Wednesday, October 21, 2015

Nanowrimo 2015

November is Nanowrimo

The goal of Nanowrimo (National Novel Writing Month) is to write 50,000 words in 30 days.
No Plot? No Problem!, A Low-stress, High-velocity Guide to Writing A Novel in 30 Days was written by Chris Baty, founder of Nanowrimo. He started the program in 1999 with 21 people. By 2004 it was up to 25,000 participants and in 2014 it increased to 325,142 participants.

“Writing for quantity rather than quality, I discovered, had the strange effect of bringing about both,” Baty wrote. “The roar of adrenaline drowned out the self-critical voices.”

What you need is a deadline, he said. Writing 50,000 words in 30 days means you write an average of 1,667 words a day. This gives you permission to make mistakes. First drafts are always rough.

Through Nanowrimo, he found four revelations:

     1. Enlightenment is overrated. Write sooner rather than later. You don’t have to wait until you are          older.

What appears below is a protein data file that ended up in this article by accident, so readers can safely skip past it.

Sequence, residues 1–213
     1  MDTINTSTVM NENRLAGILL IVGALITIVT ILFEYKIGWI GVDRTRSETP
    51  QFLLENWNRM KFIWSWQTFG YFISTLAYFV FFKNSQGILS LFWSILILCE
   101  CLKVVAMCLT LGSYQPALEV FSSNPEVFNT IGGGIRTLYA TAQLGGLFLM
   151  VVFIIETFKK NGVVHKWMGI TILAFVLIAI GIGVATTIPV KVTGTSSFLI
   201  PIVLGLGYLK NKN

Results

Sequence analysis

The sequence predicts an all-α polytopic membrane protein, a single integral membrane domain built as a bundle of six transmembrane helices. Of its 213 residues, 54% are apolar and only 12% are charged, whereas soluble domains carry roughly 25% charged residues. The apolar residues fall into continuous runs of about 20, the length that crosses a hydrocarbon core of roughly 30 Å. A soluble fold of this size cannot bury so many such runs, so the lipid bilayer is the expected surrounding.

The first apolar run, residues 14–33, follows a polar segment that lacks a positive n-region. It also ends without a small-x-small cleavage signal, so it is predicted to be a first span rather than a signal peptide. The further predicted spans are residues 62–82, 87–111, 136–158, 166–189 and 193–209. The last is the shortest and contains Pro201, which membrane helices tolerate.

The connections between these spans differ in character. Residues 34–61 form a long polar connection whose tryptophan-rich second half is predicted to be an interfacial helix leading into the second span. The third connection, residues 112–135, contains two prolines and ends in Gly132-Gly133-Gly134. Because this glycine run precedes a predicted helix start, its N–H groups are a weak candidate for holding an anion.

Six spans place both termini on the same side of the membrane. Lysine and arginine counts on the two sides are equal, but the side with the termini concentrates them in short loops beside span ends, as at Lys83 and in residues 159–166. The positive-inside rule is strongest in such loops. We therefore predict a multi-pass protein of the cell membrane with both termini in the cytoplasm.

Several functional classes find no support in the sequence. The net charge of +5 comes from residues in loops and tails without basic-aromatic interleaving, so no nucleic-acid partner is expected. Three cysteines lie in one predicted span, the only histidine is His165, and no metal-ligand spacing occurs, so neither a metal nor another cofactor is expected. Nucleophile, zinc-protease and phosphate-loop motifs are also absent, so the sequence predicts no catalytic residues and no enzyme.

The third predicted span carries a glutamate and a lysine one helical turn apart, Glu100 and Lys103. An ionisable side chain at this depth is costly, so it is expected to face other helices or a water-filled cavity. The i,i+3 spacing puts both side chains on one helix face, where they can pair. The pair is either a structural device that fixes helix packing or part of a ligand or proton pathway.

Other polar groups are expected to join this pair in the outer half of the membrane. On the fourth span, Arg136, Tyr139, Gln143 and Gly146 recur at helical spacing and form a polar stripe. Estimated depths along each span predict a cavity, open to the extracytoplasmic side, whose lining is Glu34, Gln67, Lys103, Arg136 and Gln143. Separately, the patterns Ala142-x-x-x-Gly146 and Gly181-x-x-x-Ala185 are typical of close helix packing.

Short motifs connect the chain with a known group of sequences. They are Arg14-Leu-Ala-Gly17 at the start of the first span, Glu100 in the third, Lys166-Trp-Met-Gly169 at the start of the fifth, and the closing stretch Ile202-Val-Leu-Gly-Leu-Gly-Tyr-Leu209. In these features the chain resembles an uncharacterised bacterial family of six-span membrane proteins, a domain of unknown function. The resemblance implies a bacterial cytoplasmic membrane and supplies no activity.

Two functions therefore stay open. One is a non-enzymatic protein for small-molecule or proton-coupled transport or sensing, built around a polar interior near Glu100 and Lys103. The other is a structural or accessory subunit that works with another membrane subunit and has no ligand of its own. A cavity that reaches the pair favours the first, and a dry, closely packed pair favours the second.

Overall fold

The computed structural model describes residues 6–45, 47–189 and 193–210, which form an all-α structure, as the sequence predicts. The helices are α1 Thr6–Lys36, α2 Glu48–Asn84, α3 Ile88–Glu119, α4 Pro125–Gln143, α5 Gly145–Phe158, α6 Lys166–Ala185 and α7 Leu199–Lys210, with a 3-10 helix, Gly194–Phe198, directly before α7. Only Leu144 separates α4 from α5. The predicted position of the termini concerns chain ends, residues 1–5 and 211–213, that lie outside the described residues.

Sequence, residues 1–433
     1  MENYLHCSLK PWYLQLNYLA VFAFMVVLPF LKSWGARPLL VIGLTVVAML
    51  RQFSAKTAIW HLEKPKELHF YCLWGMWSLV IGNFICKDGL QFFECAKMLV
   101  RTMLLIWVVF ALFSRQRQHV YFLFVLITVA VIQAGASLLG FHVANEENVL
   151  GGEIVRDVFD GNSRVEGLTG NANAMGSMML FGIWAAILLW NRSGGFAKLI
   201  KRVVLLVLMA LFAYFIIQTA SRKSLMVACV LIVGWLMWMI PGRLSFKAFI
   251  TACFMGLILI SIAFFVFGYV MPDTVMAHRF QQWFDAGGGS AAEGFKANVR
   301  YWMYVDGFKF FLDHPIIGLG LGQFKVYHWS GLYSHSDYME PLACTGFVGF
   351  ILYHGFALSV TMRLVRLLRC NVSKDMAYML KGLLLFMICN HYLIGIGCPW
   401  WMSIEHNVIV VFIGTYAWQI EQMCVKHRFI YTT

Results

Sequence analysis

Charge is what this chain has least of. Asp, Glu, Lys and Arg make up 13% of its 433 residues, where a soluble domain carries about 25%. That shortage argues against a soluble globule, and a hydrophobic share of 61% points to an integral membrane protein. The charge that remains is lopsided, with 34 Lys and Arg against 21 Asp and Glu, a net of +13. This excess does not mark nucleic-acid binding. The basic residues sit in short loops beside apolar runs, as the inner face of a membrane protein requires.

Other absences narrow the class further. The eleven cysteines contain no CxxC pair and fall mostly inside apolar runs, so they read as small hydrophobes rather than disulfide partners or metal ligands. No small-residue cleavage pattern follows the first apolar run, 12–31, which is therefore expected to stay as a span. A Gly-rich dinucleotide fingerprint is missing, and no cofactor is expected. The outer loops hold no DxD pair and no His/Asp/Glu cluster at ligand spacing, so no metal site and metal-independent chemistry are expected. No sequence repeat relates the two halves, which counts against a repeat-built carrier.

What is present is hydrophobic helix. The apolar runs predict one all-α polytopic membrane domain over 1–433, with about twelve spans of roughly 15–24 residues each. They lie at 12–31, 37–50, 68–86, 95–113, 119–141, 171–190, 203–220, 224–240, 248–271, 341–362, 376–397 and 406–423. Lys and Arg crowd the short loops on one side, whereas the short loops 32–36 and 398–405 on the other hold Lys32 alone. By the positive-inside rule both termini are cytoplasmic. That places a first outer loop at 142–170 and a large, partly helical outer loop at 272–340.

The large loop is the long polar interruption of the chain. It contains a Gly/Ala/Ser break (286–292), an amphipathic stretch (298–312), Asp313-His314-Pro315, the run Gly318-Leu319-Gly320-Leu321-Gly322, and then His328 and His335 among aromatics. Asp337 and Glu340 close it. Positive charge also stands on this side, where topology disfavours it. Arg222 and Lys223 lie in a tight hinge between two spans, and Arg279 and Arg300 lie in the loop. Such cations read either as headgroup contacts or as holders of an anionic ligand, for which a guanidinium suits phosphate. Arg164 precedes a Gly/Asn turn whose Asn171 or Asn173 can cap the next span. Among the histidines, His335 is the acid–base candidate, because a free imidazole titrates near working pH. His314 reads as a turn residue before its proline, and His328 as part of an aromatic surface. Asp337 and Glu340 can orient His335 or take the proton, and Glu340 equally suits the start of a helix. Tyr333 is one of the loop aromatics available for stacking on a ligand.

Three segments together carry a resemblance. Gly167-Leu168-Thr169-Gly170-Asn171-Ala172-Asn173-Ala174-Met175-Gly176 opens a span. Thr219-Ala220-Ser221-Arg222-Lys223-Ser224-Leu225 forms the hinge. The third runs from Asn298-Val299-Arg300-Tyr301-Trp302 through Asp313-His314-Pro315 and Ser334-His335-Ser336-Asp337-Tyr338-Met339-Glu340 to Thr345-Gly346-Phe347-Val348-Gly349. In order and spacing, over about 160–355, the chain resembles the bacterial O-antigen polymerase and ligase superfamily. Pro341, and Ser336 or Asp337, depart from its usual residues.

2. Being busy is good for your writing.

     3. Plot happens. “Plot is simply the movement of your characters through time and over the course          of your book.”

     4. Writing for its own sake has surprising rewards.

He recommends keeping setting simple in the beginning. You can add more detail later. Also, don’t judge while you are writing, nor self-edit. Write all you can while you are excited. Don’t worry about getting it right…” he said. “That will come in the revisions…your goal is just to get it written.”

Another book that may help determined writers is Book in a Month, the fool-proof system for writing a novel in 30 days, by Victoria Lynn Schmidt, Ph.D.

Besides giving tips, he also provides worksheets for you to use as you, such as story tracker, Writing Time Tracker, At a Glance Outline Sheet and Character Story Sketch.

Like Baty, she stresses that “You cannot write and rewrite at the same time if you want to finish a book in 30 days.”